You’ve done some deep thinking and have decided to become a Peace Corps Volunteer. Good for you!
What are the requirements?
Being a PCV (Peace Corps Volunteer) means it’ll be your job not only to help a community improve but also act as an ambassador of the United States. As such, there are requirements that need to be meet before you can apply.
Things to know before starting
The application process is long; expect a year to go from submitting your application to getting an assignment. Personally, it’s been almost a year and half for me to get through it. Be prepared for that.
It’s also commonly said that you really only have control over one of the three options of your volunteer service: when you go, what you do, and where you go. You’ll be asked about all three, but keep that in mind and figure out what’s a priority for you and PC will find an assignment that matches that best. Your mind might shift and change, but connecting with your recruiter will help you get the assignment you want. Flexibility is a huge skill to have when living abroad; this will serve as a test for it.
The Peace Corps Application
The Peace Corps application is all online, which can be found at peacecorps.gov. There are two parts, the preliminary application and the actual application.
The Preliminary Application
This serves as a brief intro to yourself, like a cover letter. It’s a quick, ten question form. The information required to fill this out is basic:
- When you are free to go
- Education level you’ll be at when you leave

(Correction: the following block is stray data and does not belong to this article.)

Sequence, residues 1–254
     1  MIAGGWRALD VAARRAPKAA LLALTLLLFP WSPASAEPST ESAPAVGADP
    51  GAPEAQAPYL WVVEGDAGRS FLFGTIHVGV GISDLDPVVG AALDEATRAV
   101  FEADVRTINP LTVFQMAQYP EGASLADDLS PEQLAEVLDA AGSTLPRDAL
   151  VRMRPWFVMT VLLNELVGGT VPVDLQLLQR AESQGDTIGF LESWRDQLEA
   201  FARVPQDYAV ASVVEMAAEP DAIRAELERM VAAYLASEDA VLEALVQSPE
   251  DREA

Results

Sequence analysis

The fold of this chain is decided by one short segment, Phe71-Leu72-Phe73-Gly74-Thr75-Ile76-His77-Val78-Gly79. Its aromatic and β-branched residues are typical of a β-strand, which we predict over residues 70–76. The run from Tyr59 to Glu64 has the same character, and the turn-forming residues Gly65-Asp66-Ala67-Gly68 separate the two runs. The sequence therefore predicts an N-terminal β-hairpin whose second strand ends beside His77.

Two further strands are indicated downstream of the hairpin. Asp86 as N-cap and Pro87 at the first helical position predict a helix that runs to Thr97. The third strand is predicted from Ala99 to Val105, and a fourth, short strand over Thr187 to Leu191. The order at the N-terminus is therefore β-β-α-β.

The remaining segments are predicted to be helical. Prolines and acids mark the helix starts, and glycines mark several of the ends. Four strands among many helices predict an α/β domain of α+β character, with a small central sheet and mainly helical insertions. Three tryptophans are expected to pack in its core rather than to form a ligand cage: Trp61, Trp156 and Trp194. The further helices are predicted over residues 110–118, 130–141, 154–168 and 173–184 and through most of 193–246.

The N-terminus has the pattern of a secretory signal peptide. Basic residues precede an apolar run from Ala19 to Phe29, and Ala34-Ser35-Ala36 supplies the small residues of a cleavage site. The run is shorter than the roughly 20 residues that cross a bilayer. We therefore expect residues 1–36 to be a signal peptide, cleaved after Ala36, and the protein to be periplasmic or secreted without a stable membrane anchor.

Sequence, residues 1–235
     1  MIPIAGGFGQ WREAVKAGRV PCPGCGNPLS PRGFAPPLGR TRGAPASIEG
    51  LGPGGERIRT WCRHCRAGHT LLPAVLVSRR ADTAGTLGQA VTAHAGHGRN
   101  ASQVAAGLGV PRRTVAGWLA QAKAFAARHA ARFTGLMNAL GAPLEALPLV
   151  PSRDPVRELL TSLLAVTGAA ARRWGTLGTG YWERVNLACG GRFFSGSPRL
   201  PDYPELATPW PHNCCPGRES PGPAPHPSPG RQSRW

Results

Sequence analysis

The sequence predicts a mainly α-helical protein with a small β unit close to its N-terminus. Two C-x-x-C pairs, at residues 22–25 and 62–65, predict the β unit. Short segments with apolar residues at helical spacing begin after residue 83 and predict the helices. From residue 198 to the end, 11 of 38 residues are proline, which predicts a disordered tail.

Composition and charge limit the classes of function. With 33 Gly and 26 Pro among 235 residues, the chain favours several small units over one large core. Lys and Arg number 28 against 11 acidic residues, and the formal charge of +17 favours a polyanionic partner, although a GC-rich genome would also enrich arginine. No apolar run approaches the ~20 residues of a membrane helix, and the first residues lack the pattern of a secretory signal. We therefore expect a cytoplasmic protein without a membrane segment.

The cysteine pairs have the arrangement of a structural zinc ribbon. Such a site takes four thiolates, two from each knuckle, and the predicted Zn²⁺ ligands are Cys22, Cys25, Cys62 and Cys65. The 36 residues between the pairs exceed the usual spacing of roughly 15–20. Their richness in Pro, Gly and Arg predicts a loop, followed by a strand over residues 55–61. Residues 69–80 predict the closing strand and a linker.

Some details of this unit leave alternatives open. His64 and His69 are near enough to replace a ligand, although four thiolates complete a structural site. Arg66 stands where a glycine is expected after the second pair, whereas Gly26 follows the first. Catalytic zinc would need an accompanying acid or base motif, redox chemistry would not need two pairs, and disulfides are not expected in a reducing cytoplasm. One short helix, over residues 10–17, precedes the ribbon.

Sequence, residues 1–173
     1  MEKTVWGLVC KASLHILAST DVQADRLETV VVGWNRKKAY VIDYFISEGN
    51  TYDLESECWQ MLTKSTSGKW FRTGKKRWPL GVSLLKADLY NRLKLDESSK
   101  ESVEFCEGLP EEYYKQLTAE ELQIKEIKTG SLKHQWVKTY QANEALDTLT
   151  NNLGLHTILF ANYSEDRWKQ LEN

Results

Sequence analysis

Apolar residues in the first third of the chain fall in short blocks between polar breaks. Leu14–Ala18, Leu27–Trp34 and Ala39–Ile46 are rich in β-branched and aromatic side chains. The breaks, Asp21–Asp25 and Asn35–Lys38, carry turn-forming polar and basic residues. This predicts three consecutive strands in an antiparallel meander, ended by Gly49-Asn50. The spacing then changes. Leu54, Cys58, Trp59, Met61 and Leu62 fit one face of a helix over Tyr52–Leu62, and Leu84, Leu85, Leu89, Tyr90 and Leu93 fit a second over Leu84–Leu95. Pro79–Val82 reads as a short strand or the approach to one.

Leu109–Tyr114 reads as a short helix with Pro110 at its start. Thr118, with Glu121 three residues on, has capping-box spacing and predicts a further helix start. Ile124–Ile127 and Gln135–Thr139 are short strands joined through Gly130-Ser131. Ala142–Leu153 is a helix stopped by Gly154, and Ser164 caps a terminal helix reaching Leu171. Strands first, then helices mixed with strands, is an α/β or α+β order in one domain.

- Area of skill
- Known Languages
- What brought Peace Corps to your attention
The Actual Application
This form is a doozy; most people take two weeks to finish it. That’s because parts of it require information gathering and thought. The application requires you to turn in:
- Two essays
- Three references
- Employment history
- Community and volunteer activities
- Educational background
- Copy of college transcripts (if you’ve been working less than 10 years)
- Financial obligation information
- Heath Status Review
Through a feature on the site called My Toolkit, you’ll be able to switch between parts of the application to complete what you can and keep track of what you have left to do.
Questions the Application Asks
The application has 20 different pages of information for you fill out. Take your time and don’t rush through things.
Page 1 – Core Expectations for Volunteers and Peace Corps Mission Statement
Review them and indicate you understand them and will be responsible for meeting them.
Page 2 – Eligibility
Give information about your citizenship, place of birth and age.
Page 3 – Personal Information
The application asks for your name, social security number, gender, available dates for service, address, contact information for yourself and someone in the US.
Page 4 – Application Information
This page asks about past involvement with the Peace Corps.
Page 5 – Marital Status
Fill out information about all spouses you may have had, even if they are deceased or you are now divorced.
If you are divorced, you’ll have to provide legal copies of all paperwork involved in that processes.
If you’re applying as a couple, you’ll have to submit a marriage certificate. Take note: In order for Peace Corps to keep you together, you’ll have to apply to the same country, at the same time, and have been married for more than a year before leaving.
Page 6 – Dependents